This increases our confidence in the reliability of the data. Though insider ownership is positively related to the performance of group affiliates. Second. We conclude in Section IV with a summary and a discussion of potential avenues for future research. which are only available for BSE firms. Fourth. There are 1309 firms in our final sample. this is also true for unaffiliated firms. the Indian economy has several hundred business groups. In Section III we examine possible sources of costs and benefits of group affiliation. detailed data are available on individual lines of business of diversified business groups in India because the lines of business are typically organized as separate legal entities and are required to publish a set of financial statements. On average. Data and Institutional A. making it possible to identify the group affiliation of each sample firm cleanly.and groupaffiliated Indian private sector firms listed on the Bombay Stock Exchange (BSE) with the required data. We find that group-affiliated firms have disproportionately good access to international sources of capital. we focus our attention on Indian business groups because India offers several advantages as an experimental setting. In our analysis of potential benefits of group affiliation we also supplement the CMIE data with a variety of publicly available information sources and some privately collected data. Goto (1982)). Third. and a number of tests are presented at the end of that section to check the robustness of our results. These are described at the appropriate junctures. in our tests.870
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internal capital markets. Finally. lending itself to large sample statistical analysis. firms in India are typically members of only one group. We discuss the data we use to analyze the performance of business groups in Section I. unlike in several other emerging markets (Strachan (1976).
I. providers of technology appear reluctant to deal with groups. We analyze data from 1993 because it is the year for which we have the most coverage in the database. of which 655 firms are affiliated with diversified business groups and 654 are focused firms unaffiliated with any business group. We confine our analysis in this paper to BSE firms because we use stock price data. First. though there is some evidence that larger groups appear to facilitate members' access to international joint venture markets. The data set we use in our analysis consists of all nongroup. there is no evidence that internal capital markets play a different role in group affiliates than they do in unaffiliated firms. however.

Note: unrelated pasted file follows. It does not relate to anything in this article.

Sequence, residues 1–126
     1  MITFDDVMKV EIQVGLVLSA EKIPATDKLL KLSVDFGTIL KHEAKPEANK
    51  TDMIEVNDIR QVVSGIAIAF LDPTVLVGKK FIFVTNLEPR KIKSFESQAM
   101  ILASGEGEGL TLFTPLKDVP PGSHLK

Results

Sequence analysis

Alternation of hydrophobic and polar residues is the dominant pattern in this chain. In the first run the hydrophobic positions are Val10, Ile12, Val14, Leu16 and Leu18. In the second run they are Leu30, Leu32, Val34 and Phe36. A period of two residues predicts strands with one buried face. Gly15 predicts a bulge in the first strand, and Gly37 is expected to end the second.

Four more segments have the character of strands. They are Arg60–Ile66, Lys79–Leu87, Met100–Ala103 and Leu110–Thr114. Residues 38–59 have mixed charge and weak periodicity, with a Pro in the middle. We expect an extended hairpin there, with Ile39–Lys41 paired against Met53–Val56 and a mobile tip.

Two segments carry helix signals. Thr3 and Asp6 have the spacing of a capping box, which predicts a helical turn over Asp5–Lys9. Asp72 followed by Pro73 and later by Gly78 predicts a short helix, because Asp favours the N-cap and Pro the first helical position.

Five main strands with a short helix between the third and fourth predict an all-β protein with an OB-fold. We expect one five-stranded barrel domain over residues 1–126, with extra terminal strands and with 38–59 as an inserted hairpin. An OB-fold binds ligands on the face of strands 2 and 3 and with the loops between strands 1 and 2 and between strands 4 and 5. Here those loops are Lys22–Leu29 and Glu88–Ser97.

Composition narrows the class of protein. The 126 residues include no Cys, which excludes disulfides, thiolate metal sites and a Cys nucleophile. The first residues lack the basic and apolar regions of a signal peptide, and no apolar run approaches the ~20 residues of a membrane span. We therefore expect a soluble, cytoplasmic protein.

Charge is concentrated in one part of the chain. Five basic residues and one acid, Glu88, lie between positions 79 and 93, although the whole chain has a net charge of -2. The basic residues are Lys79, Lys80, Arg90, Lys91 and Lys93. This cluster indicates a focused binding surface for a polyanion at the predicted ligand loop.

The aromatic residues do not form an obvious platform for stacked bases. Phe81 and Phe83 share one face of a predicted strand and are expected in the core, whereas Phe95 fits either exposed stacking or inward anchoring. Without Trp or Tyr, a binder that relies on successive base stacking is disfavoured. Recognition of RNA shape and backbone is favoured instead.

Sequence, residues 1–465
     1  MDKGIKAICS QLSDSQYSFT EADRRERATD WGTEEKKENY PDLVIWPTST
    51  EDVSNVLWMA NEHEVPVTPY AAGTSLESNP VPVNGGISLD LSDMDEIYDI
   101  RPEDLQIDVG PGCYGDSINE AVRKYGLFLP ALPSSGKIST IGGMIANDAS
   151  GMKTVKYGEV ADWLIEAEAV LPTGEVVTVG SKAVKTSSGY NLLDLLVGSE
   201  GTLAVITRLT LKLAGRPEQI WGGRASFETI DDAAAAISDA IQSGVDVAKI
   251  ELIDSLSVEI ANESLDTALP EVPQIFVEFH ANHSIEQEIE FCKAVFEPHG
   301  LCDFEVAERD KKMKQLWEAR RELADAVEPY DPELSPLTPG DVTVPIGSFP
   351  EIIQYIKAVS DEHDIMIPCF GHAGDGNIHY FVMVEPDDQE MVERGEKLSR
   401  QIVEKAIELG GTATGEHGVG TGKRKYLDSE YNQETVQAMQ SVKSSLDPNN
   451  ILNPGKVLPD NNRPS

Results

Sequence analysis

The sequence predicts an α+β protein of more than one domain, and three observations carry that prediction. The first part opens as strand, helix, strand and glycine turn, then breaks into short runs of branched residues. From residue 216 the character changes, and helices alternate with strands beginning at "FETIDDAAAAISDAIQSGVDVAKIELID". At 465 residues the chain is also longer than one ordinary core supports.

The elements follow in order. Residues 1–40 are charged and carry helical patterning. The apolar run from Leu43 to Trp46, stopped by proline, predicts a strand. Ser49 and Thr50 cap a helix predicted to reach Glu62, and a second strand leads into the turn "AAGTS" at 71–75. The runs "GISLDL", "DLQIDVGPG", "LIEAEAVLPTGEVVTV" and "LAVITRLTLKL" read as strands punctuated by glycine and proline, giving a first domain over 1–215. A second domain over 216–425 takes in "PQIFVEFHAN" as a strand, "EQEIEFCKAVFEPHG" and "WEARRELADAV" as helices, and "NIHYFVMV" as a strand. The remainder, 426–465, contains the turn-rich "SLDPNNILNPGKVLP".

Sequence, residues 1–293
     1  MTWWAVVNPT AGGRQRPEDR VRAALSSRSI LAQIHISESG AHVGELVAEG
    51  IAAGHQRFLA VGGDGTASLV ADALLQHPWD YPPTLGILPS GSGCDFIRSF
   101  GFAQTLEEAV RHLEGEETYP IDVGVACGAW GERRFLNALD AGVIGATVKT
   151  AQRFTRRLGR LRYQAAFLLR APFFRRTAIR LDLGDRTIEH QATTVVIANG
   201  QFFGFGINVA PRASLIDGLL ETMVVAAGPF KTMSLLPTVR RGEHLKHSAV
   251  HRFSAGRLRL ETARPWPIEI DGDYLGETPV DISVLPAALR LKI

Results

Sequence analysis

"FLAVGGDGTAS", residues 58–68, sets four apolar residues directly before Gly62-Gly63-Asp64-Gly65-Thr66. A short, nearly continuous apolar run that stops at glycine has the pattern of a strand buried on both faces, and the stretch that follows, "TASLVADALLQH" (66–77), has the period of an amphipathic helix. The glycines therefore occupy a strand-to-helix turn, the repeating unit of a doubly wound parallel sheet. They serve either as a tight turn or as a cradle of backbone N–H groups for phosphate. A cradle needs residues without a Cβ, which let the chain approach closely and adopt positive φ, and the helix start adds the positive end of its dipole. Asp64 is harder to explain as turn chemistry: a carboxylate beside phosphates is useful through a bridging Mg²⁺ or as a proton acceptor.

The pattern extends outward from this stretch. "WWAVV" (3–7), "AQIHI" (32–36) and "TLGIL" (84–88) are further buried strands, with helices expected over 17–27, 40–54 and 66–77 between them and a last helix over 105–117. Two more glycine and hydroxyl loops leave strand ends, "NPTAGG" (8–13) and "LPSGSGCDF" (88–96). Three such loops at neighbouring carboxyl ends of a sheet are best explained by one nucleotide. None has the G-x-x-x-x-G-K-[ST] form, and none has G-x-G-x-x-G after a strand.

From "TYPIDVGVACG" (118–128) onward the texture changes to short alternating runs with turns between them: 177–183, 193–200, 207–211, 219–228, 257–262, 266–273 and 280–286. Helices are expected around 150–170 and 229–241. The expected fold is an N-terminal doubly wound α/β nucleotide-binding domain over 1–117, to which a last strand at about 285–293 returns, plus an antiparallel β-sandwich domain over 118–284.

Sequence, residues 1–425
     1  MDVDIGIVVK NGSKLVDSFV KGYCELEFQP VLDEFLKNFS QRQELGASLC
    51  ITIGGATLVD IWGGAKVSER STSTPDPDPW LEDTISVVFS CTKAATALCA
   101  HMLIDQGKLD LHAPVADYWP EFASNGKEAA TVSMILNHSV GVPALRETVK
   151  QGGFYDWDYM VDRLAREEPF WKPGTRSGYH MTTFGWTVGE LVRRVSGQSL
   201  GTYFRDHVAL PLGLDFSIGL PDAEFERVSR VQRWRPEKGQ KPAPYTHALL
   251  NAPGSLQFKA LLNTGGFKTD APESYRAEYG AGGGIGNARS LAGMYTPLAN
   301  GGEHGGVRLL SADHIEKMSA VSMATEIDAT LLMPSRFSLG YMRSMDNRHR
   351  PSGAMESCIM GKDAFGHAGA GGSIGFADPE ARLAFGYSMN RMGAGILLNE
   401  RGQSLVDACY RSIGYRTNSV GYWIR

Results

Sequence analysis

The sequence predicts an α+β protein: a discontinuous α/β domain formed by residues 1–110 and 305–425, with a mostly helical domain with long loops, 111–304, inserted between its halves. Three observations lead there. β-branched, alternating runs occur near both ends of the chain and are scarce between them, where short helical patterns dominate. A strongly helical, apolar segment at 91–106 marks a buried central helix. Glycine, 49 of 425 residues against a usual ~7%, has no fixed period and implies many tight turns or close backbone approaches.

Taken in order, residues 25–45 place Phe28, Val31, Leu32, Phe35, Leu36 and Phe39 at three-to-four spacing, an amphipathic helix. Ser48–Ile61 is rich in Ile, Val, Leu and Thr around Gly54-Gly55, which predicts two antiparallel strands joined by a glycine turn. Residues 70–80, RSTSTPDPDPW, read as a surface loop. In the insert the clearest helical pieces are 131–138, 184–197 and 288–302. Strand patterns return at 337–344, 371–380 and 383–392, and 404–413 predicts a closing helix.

. The data for our study are obtained primarily from a publicly available database maintained by CMIE. the Centre for Monitoring the Indian Economy. The evidence from the joint venture data is more mixed. The results of our empirical analysis are presented in Section II. accounting statements in India are prepared according to wellestablished accounting standards that are similar to those followed in advanced economies. Data Sources and Sample Selection
For our study of diversified business groups in emerging markets.
We subject the CMIE classification to a series of checks to ensure data accuracy. but there are also some important differences between the two. CMIE uses a variety of sources to classify firms into groups. which we define as (market value of equity + book value of preferred stock +